The US labor market has stumped the experts. Here is a summary of the 2022 jobs arena: 4.6 million new jobs, 4.6% average hourly wage growth, 10.4 million employment postings, and close to 4.2 million job quits. Overall, it was a robust component of an economy on the decline. Everyone is now looking ahead to 2023 and, much like last year, economists and market analysts anticipate rising unemployment, a hiring slowdown, and weaker employee earnings. Now that 2022 is in the rear-view mirror and all the data have been released, it would be an opportune time to perform an autopsy.
2022 Labor Market
By last summer, the US economy finally returned all the jobs lost from the coronavirus pandemic. But, according to EJ Antoni, a research fellow for Regional Economics in the Center for Data Analysis at The Heritage Foundation, this is only part of the story.
“As we reopened, people went back to work. Unfortunately, they’re not going back to work in the numbers that they were before the pandemic,” Antoni told Liberty Nation. “So, while the total number of jobs may have finally reached where it was in February of 2020, for example, before those shutdowns, if you look at the rate of the population that’s actually participating in the labor market, if you look at the percentage of the population that’s actually employed, we still are nowhere near pre-pandemic rates.”
Moreover, the conservative think-tank recently estimated that total employment is still down roughly 2.8 million from pre-pandemic levels. This has to do with the population-to-employment ratio, resulting in “a significantly smaller portion of the population of the labor force actually either looking for work or working,” Antoni explained.
“And so, if we look at not today’s rates, but pre-pandemic rates, and apply those to today’s figures, we find that there’s a very large employment gap, and that’s where you get that almost 3 million figure of people who are essentially missing from the labor force,” he added.
Citing labor economist Casey Mulligan’s research on the subject, Antoni mentioned that approximately 500,000 workers are presently out of the workforce because of drug and alcohol addiction problems “that all stemmed from the lockdowns during the pandemic.”
In recent months, researchers and economists have warned that the US labor market may be weaker than what the Bureau of Labor Statistics’ (BLS) headline figures suggest. An illustration of this is the divergence between the establishment (business) and household surveys. In December, the former reported 223,000 new jobs, and the latter recorded 136,000 positions. The reason for this gap is that the establishment section allows for overcounting, and the household does not. Overall, in 2022, there was a considerable bridge of around 2.9 million jobs, with the establishment trending flat since March.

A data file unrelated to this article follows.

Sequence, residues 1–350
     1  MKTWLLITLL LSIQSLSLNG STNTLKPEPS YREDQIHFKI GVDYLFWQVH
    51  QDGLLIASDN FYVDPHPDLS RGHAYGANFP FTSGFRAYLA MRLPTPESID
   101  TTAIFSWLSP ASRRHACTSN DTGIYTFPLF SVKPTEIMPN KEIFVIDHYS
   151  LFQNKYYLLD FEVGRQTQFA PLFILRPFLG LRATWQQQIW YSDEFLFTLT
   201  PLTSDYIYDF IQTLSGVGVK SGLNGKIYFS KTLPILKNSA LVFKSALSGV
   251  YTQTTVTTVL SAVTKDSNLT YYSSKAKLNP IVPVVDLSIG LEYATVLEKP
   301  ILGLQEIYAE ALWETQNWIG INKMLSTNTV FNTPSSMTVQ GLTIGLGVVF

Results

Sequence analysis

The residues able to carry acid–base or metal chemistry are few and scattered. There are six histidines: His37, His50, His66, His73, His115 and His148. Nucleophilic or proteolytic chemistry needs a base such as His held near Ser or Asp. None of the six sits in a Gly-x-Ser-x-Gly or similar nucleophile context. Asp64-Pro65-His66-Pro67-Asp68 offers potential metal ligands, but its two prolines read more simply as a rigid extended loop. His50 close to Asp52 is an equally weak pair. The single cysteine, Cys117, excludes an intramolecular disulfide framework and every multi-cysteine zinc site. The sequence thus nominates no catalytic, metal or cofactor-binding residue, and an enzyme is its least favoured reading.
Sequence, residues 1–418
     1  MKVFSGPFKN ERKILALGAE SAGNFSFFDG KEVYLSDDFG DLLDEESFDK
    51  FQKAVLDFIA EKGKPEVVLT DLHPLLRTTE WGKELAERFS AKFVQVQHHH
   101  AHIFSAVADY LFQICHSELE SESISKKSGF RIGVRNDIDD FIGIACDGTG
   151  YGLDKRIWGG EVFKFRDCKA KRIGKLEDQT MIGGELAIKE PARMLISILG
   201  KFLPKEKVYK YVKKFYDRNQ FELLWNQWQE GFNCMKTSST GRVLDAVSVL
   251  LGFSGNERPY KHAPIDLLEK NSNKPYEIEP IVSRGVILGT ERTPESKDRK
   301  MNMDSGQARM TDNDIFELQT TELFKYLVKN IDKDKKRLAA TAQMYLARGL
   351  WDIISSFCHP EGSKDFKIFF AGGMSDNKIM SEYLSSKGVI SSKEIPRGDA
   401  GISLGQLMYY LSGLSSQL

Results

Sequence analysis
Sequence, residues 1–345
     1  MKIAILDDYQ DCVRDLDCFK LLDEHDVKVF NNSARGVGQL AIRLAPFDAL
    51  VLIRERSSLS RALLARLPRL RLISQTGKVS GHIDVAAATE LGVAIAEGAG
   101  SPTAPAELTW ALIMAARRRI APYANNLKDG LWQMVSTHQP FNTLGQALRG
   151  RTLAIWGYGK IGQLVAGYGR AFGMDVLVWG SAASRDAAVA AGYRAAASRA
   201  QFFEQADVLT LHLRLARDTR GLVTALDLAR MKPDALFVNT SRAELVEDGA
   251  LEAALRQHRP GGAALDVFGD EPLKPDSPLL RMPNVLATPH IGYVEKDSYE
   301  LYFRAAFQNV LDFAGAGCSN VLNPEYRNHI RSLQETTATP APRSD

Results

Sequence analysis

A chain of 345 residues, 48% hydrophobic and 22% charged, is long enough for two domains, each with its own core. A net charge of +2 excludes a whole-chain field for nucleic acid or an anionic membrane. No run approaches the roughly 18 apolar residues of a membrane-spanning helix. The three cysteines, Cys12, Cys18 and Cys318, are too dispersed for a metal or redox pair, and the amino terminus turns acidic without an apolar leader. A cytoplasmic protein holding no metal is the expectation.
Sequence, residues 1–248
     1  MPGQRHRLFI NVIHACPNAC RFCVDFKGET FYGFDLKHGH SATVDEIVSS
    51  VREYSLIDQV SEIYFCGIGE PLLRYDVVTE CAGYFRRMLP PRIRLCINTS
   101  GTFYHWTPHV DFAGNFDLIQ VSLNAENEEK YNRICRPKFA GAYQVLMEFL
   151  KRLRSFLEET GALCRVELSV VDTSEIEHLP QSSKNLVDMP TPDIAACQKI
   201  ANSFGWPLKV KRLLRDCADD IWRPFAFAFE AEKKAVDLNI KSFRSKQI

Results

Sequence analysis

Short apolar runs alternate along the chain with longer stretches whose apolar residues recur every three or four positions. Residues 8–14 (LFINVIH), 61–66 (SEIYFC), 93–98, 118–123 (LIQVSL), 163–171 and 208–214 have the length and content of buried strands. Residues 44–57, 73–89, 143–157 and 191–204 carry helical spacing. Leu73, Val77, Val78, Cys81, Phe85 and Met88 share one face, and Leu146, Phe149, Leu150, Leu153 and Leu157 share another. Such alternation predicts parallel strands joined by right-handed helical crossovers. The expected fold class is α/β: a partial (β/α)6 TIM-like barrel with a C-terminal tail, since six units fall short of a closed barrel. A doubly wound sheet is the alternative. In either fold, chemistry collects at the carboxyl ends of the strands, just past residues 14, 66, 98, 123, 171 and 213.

Plus, as Liberty Nation recently found, full-time employment growth has been flat, and part-time job growth has been surging.
Many private-sector economists have touched upon the chasm. But even the Federal Reserve Bank of Philadelphia noticed the discrepancy, writing in a recent report that only 10,500 net new jobs were added between March and June. This is vastly different from the estimated net growth of nearly 1.1 million positions in that span.
Antoni also alluded to a concerning development in the monthly labor data. In recent months, there has been a notable decline in the response rate among businesses, which could open pandora’s box and result in many other questions.
“The establishment survey surveys, a very, very large sample of businesses, and so the strength of that survey is precisely its size. Now, we have to call that into question today, though, because the response rate to that survey has dropped dramatically… So when you have, for example, two out of three businesses not responding to the initial survey request, you have to start to wonder, is there some kind of correlation between the decision to respond and whether or not you’re hiring employees and if so, that introduces a tremendous amount of bias into the data and that again could help explain this unprecedented divergence between the two surveys.”
This has garnered the attention of Republican officials and other right-leaning media networks, so it should be interesting to see if the US government will alter its labor data calculations moving forward.
What Does 2023 Look Like?
The consensus is that the 2023 labor market will considerably weaken as the Federal Reserve’s higher interest rates travel through the economy and financial system. Moody’s economist Mark Zandi says there will be zero job growth by the spring or summer, the Eccles Building’s Survey of Economic Projections shows a 4.5% jobless rate, and Fitch Ratings expects “significant job loss” in the upcoming year. In the end, Antoni believes it will all depend on what the Fed will do in the coming months: raise rates, hold them steady, or reverse course. Whatever the case may be, recent analyses of labor data might suggest it will be critical to dive deeper into the numbers rather than depending on headline prints this year.
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